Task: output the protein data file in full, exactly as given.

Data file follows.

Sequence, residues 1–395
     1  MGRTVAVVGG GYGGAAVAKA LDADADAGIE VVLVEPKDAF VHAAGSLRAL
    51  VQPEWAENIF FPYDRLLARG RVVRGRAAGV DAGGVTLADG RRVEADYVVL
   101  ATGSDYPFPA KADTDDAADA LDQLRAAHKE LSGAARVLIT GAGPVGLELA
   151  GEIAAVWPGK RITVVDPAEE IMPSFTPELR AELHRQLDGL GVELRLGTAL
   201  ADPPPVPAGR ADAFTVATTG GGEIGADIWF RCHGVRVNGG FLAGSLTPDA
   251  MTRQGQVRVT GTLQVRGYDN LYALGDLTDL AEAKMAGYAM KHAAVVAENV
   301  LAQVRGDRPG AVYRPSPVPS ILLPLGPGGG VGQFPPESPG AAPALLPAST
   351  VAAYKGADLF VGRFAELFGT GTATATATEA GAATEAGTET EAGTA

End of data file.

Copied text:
Sequence, residues 1–395
     1  MGRTVAVVGG GYGGAAVAKA LDADADAGIE VVLVEPKDAF VHAAGSLRAL
    51  VQPEWAENIF FPYDRLLARG RVVRGRAAGV DAGGVTLADG RRVEADYVVL
   101  ATGSDYPFPA KADTDDAADA LDQLRAAHKE LSGAARVLIT GAGPVGLELA
   151  GEIAAVWPGK RITVVDPAEE IMPSFTPELR AELHRQLDGL GVELRLGTAL
   201  ADPPPVPAGR ADAFTVATTG GGEIGADIWF RCHGVRVNGG FLAGSLTPDA
   251  MTRQGQVRVT GTLQVRGYDN LYALGDLTDL AEAKMAGYAM KHAAVVAENV
   301  LAQVRGDRPG AVYRPSPVPS ILLPLGPGGG VGQFPPESPG AAPALLPAST
   351  VAAYKGADLF VGRFAELFGT GTATATATEA GAATEAGTET EAGTA